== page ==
ACL reconstruction in Beverly Hills and Los Angeles
The Basics of ACL Reconstruction
The anterior cruciate ligament, simply referred to as the ACL, is one of the four crucial ligaments that confer stability to the knee joint. It prevents the femur (thigh bone) from sliding on the tibia when a person bends the knee. It also provides rotational stability to the knee joint during movement. An ACL injury is a common predicament that many athletes face.
All too often, it spells the end of a once booming career. With current ACL reconstruction technology, athletes are often to return to high levels of competition. The injury is not limited to athletes alone but is also a cause of concern in individuals whose work description entails strenuous activity. Damage to the ACL can be partial or complete.
Types of treatment
Once the ligament is damaged, the treatment modality depends on the extent of the damage and the desired function of the knee joint. In incomplete ACL rupture, a conservative method of treatment may be utilized.
If surgery is not undertaken, the patient goes through rigorous rehabilitation and strength and function. This is a viable option for individuals whose work is not strenuous and they are not high level athletes. When the ACL is completely torn, surgery is the best treatment option if the person desires to perform any activities necessitating rotation of the knee.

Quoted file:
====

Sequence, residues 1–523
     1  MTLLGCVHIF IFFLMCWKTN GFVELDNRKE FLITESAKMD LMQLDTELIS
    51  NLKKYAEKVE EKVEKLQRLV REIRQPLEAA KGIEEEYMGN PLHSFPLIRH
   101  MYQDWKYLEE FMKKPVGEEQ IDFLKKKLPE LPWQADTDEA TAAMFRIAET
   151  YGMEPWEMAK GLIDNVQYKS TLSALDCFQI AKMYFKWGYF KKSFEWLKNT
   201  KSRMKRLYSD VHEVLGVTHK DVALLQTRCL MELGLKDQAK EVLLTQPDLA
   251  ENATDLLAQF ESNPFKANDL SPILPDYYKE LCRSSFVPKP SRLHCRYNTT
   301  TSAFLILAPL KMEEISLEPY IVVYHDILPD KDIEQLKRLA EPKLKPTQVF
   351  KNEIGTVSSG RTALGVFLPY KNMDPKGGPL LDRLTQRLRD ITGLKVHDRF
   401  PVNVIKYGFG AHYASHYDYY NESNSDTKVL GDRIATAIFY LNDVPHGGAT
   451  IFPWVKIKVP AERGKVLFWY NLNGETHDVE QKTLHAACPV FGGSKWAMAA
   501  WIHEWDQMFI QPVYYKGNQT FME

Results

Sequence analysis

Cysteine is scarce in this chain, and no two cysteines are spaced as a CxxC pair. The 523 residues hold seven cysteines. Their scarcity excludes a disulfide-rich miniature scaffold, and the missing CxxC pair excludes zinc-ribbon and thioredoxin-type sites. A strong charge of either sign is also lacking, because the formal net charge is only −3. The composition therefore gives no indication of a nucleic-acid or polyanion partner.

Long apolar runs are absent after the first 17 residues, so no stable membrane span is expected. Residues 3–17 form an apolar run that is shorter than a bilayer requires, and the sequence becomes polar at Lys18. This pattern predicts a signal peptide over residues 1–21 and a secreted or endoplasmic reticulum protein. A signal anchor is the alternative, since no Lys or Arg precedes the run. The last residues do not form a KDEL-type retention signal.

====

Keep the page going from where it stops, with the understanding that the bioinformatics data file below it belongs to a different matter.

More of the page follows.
Stitching together of the severed ends of the tendon is not a viable option. This is because of the dismal outcome this has been found to have in the long run. During modern ACL surgery, the ACL is reconstructed from tendon that is harvested from another body site, or from a cadaver. The patella tendon is the most utilized in this procedure. It has a high success rate but patients often complain of symptoms of pain when kneeling, stiffness, instability and pain behind the kneecap after the operation.
The hamstring tendon can also be used as the harvest site. The patient can use an allograft that is donated by a dead person. This option is pursued in cases where a prior attempt to repair the ACL has failed. Regardless of the source of tissue used in the repair, rehabilitation is a key component of the healing process. It is mandatory that the patient goes through a well structured rehabilitative program to restore function to the knee. Most surgeons agree that the rehabilitation is responsible for at least 50% of the outcome!
In the recent past, the hamstring tendon is gaining popularity over the patella tendon as the tendon used for the repair of a torn ACL. Recent studies have shown that when used, it provides greater joint stability and the patient is able to reclaim more of the knee function. It is also associated with less morbidity to the knee joint.
In the past, muscle wasting that is commonly associated with ACL damage has baffled surgeons. Regardless of how excellent the repair was done, muscle wasting was sill evidenced in muscles of the thigh. The wasting meant that it was impossible to restore original power to the affected limb. This is an obstacle especially for athletes. This is only one reason why intense PT and rehabilitation is necessary.
Dr. Raj is a Double Board Certified sports medicine doctor in LA and Beverly Hills, who has performed hundreds of successful ACL reconstruction procedures. Call (310) 247-0466 today!